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Sadler’s Wells announces Spring 2011 season

Posted on October 26, 2010


Alastair Spalding, artistic director and chief executive of Sadler’s Wells, announced the highlights of its Spring 2011 season at a press conference on October 26.

Despite an extensive programme, Sadler’s Wells is faced with an Arts Council cut of 15 per cent over the next four years, of which 80 per cent will have to be implemented within the first two years. As a consequence, in 2011 Sadler’s Wells will concentrate its activities within its own venues (Sadler’s Wells, the Peacock Theatre and the Lilian Baylis Studio), although there are plans to visit next summer’s Latitude Festival. Spalding was positive, however, that Sadler’s Wells will keep moving forward: over the past five years, it has seen an increase in audiences of 50 per cent, enabling it to plough money into new works, which also tour internationally (20 per cent of people who see a Sadler’s Wells production sees it outside of the UK). Spalding, in the spirit of Lilian Baylis, was insistent that at every performance at Sadler’s Wells there would be 170 seats available daily for £10.

Kicking off the Spring season on January 28 and 29 is Sadler’s Wells Sampled, the popular dance showcase that includes dance of all styles and which welcomes the winner of the 2010 Sadler’s Wells Global Dance Contest. Following this will be the annual Flamenco Festival London (Feb 8–19), and appearances by The Forsythe Company in I don’t believe in outer space (February 22–23); Bartabus – Ko Murobushi in The Centaur and the Animal (March 1–6); the Pet Shop Boys and Javier De Frutos’ The Most Incredible Thing, starring Ivan Putrov (March 17–26), Balletboyz The Talent (March 29–April 2); Russell Maliphant Company in AfterLight (April 4–5); a Rosas retrospective (April 10–16); Breakin’ Convention ’11 (April 30–May 2); Maria Pagés and Sidi Larbi Cherkaoui in Dunas (May 5–7), Dutch National Ballet in a season of works by Hans van Manen (May 12–14); Northern Ballet in David Nixon’s new Cleopatra (May 17–21); Rambert Dance Company in a programme that includes Paul Taylor’s Roses and Tim Rushton’s Monolith (May 24–28); the Dave St-Pierre Company in Un peu de tendresse bordel de merde! (June 2–4), Jasmin Vardimon Company in Yesterday (June 9–10); Martin Creed’s Work No. 1020 (June 21); Saburo Teshigawara/KARAS in Mirror and Music (June 15–16); Sol Pícó Dance Company in El Llac de les Mosques (June 23–24); les ballets C de la B in Gardenia (June 29–July 2); and the return of Hofesh Shechter’s Political Mother (July 12–16).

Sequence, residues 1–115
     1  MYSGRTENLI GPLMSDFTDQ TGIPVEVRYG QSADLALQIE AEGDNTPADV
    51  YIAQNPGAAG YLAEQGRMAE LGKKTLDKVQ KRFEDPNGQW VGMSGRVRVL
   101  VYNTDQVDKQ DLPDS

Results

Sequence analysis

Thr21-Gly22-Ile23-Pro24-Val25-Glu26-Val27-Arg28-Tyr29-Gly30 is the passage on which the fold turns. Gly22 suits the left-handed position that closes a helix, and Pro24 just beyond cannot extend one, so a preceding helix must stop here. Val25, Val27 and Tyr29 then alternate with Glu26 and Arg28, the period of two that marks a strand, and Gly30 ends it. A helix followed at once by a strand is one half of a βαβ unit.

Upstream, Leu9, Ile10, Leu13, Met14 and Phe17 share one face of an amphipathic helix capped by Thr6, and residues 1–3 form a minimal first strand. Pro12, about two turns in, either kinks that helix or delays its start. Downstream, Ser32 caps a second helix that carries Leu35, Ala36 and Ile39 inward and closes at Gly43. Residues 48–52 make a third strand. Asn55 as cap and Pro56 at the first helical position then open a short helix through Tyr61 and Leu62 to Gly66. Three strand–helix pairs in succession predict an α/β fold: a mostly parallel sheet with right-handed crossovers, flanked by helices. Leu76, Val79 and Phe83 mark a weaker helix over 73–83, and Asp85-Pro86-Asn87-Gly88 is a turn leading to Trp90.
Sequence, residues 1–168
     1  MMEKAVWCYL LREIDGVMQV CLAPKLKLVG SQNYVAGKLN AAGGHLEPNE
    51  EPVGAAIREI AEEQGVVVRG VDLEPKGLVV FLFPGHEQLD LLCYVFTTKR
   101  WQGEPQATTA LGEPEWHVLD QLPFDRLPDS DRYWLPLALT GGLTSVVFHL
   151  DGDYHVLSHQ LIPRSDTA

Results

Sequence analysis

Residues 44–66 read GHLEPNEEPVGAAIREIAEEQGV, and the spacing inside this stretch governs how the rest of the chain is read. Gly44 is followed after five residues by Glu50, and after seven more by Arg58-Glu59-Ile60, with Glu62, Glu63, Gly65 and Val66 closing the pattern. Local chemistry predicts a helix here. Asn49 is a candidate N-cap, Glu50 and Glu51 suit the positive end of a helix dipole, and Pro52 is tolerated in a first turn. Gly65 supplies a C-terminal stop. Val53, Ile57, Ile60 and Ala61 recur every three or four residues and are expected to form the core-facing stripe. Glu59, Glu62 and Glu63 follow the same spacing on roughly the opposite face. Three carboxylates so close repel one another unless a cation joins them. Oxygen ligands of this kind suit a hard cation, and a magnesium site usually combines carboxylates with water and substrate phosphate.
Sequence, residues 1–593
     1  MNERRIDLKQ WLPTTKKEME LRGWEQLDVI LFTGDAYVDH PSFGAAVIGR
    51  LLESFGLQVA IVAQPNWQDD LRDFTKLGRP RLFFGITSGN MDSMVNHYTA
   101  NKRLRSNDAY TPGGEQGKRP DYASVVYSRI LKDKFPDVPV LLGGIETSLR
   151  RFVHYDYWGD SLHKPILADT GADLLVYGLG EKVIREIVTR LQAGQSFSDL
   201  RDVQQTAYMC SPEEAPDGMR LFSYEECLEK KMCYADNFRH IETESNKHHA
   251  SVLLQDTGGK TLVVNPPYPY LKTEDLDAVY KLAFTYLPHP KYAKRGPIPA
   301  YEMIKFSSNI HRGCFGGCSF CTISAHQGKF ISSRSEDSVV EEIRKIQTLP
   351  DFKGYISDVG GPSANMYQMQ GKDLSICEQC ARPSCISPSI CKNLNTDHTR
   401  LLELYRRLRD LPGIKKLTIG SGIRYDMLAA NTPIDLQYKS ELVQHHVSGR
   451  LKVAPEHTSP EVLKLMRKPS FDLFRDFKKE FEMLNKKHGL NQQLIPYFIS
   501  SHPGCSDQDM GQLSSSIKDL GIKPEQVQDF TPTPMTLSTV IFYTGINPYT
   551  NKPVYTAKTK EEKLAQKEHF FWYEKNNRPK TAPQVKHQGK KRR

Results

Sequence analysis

The Peacock Theatre will see an eight-week run of the show Shoes (February 8–April 3); Tango Fire in Flames of Desire (April 12–23); Tap Olé (May 3–7); and The Merchants of Bollywood (May 31–July 3). During the Spring season, the Lilan Baylis Studio will present Antonia Behr in Laugh (January 26–27); Daniel Linehan in Montage for Three and Not About Everything (April 6–7); les ballets C de la B in Pénombre (May 5–7); and Nats Nus Dansa in Momentari (June 4).

Tickets are on sale on from November 15, or call the box office from the same date on 0844 412 4300.


The picture above for The Most Incredible Thing is by Gavin Evans.

Jonathan Gray is editor of Dancing Times. He studied at The Royal Ballet School, Leicester Polytechnic, and Wimbledon School of Art where he graduated with a BA Hons in Theatre Design. For 16 years he was a member of the curatorial department of the Theatre Museum, London, assisting on a number of dance-related exhibitions, and helping with the recreation of original designs for a number of The Royal Ballet’s productions including Danses concertantes, Daphnis and Chloë, and The Sleeping Beauty. He has also contributed to the Financial Times, written programme articles for The Royal Ballet and Birmingham Royal Ballet, and is co-author of the book Unleashing Britain: Theatre gets real 1955-64, published in 2005.

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